The Book
Who saved the most lives in history?
Ten Astounding Answers in The Book
Scientists Greater Than Einstein: The Biggest Lifesavers of the Twentieth Century

Scientists Greater than Einstein is the book by Billy Woodward, founder of It is a celebration of ten, mostly unheralded scientists, four still living, who we interviewed. And what a rollicking read it is! First and foremost, the stories are personal. You will come to know each scientist, walking on air when they conquer death and empathizing with their frustration as they fight to get the medical community to recognize the potential of their discoveries. Truly global in scope, Scientists Greater than Einstein takes you on adventures all over the world, from America to Bangladesh, to Japan, Indonesia, Africa, and England. It ranges from sterile laboratories to jungle tents acting as hospitals, from remote missionary field stations to makeshift clinics in rural villages. This is science in the real world, amid civil wars and epidemics, involving clandestine nocturnal meetings and corporate politics.

Scientists Greater than Einstein does not shy away from the science. It not only takes you into the scientists' laboratories, but further, into their minds. Follow the greatest scientists of the twentieth century step by step, from insight to hypothesis, from experiment to fact, from skeptical administrators to public acceptance - and most importantly from facing death to giving life.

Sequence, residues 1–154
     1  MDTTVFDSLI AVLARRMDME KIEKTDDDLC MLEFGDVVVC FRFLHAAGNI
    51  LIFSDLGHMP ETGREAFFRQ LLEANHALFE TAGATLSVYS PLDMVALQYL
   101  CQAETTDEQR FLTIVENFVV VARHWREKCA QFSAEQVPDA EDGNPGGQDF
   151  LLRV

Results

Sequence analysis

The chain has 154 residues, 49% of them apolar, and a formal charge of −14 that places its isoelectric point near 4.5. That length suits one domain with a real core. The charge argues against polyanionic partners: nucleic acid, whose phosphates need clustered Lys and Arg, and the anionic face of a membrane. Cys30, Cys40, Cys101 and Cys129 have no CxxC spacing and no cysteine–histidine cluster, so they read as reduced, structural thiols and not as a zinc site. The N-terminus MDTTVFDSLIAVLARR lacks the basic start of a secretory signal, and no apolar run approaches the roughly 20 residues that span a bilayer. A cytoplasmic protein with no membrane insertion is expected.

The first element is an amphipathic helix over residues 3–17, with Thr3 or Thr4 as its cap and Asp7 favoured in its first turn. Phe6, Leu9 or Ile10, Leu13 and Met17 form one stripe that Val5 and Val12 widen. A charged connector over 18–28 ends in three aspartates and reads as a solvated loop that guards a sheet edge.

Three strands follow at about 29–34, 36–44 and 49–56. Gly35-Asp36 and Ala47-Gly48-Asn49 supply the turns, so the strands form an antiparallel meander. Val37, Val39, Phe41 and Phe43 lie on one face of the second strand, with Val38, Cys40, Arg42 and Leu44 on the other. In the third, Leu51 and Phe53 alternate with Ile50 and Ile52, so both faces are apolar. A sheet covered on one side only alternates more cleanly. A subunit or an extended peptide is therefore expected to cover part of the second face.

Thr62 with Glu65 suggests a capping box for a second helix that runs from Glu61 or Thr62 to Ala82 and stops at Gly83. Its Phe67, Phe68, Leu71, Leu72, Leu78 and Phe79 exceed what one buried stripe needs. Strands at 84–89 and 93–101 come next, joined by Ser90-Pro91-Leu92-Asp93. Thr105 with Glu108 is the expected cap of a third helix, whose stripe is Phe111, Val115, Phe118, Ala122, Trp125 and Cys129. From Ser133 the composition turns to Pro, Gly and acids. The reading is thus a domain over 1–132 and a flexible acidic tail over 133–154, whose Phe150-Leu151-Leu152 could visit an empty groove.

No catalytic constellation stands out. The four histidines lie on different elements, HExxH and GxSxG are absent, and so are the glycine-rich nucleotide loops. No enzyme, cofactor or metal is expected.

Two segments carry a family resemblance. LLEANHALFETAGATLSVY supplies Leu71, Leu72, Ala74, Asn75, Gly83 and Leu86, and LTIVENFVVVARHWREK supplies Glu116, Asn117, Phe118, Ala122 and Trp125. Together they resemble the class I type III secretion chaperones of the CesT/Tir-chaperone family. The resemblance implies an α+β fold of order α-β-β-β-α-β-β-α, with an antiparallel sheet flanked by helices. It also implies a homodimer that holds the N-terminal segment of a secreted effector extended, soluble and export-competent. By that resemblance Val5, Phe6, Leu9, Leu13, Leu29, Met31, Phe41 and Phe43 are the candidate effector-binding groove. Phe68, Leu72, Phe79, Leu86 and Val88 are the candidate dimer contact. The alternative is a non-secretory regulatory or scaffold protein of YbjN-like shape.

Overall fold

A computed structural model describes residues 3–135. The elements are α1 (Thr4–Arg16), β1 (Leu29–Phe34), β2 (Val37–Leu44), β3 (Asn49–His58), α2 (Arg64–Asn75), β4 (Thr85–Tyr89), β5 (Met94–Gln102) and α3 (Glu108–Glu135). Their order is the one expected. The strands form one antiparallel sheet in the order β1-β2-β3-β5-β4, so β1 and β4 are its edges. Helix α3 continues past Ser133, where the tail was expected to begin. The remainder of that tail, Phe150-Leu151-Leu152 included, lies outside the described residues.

From the depths of human suffering to the exhilarating moments of insight, Scientists Greater than Einstein is the first book to celebrate those who saved the most lives in history.


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These remarkable stories of human achievement on a truly grand scale are told with great sensitivity, yet fine precision. These are the gritty details behind some of the greatest medical advances in human history. Woodward's story goes deep, showing us the personal lives of the players involved and where they were when the eureka moment came, then follows each researcher's idea through to its full objective impact. The hard core measure of human lives saved is the final irrevocable statement of what can be accomplished in a human being's lifetime.                                                                                                                                                                      -Jeff Wicker, MD

This engaging book is a fascinating read chronicling the genesis of scientific curiosity, the travails and myriad failures, and, ultimately, the triumphs of those researchers responsible for promoting the advancement and survival of mankind. It should promote bountiful discussion and would be an excellent library addition for students of science of all ages who seek to understand the price and impact of scientific progress.

                                                -Susan R. Campbell, Ph.D. Chair, Chemistry Department, Georgetown College